You can inform the judge you wish to represent yourself and request your attorney to be standby counsel, but I strongly advise against it. Examinations are a process, not merely a series of questions. A trial must follow certain protocols and procedures, procedures that can damage your case if not followed properly. Your attorney has been trained and experienced in that process. I would strongly consider the implications before making such a decision. If you are able to retain new counsel, that is a much better option. Good luck.
I offer this with the caution that you are asking about a civil case in New Jersey,which is neither my field nor my state; but I would be astonished if the judge were to give you permission to do that. Remember that one of the reasons that witnesses testify in response to questions is so that the opposing attorney will have a chance to hear what each question is before it is answered so as to be able to interpose an objection. If you don't know how to ask a question properly you are not being fair to the other side. My guess is that the judge, as a matter of discretion, would deny your request and if you were to appeal that decision you would lose. But I am just thinking out loud about the problems that your question presents. What you should do is take the matter up with your own attorney. Good luck with your case.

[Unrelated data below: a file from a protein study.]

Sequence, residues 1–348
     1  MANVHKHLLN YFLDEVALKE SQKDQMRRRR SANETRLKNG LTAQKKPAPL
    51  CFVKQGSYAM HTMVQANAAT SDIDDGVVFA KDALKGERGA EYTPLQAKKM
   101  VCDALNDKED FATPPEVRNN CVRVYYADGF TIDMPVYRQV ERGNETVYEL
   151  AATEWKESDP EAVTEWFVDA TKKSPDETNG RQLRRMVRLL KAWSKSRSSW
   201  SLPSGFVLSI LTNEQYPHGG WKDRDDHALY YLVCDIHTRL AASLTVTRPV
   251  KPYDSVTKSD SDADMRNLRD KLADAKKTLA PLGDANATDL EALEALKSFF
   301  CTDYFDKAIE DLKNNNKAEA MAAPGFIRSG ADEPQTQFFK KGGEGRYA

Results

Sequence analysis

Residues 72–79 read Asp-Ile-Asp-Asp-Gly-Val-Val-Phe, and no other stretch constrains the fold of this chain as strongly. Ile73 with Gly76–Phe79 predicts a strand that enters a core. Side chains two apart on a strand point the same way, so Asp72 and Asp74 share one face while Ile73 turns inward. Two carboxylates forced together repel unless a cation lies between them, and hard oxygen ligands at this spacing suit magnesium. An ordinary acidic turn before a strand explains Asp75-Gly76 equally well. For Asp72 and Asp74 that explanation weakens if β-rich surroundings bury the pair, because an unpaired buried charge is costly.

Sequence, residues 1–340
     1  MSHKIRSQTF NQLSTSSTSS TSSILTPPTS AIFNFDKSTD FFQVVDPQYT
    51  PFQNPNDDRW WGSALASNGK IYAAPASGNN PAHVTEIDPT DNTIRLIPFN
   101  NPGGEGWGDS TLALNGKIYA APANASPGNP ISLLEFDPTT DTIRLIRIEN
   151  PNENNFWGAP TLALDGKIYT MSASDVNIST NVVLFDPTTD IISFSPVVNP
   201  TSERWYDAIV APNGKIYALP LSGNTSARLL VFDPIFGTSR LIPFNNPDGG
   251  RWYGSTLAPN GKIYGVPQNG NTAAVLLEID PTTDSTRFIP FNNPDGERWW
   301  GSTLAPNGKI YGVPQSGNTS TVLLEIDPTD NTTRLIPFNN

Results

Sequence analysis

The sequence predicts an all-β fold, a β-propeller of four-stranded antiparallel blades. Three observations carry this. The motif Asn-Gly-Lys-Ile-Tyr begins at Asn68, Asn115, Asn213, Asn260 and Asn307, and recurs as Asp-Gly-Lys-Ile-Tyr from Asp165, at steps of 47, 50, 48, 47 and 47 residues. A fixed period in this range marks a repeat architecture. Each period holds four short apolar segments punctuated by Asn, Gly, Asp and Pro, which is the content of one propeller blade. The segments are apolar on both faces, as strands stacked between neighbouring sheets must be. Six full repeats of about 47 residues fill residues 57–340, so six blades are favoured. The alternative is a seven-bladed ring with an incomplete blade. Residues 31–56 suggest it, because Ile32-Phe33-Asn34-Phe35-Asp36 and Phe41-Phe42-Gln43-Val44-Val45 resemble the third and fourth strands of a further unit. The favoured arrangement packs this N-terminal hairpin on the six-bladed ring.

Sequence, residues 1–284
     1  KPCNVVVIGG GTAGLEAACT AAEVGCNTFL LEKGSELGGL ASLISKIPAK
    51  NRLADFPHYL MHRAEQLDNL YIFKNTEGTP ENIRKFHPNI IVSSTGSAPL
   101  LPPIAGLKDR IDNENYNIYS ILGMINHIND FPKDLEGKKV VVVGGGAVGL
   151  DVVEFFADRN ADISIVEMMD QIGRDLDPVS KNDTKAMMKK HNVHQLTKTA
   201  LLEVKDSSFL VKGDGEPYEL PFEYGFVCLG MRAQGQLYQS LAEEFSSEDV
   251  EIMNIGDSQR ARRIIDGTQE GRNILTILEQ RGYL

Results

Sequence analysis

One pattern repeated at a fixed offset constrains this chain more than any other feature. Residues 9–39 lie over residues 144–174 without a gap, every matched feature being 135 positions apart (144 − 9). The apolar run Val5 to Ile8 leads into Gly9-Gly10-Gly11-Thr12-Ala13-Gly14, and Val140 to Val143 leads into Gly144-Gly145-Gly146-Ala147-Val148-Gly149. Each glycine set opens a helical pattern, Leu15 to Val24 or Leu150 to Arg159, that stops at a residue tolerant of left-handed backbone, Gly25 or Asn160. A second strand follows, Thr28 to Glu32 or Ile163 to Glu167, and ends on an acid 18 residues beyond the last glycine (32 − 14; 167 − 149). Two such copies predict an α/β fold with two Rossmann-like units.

Every case that have ever seen where a non-attorney represents themselves is a disaster. I am sure that you are more familiar with the details of the case, because you were there or knew those involved etc. However, you are not familiar with the legal system, the rules of evidence, the rules of procedure etc. I see pro se defendants attempt to cross examine a witness and every question is objected to and every objection is sustained. This is because they are unaware of the rules of procedure.
Most attorneys that are qualified do not represent themselves, because they knew if they did they would have a fool as a client.
DO NOT PROCEED THIS WAY
You will not be allowed to do this. It will be much better for you to give your attorney the questions you feel are important for him to ask. You can write down new questions at trial, and have your attorney look to your questions one final time before he is done questioning.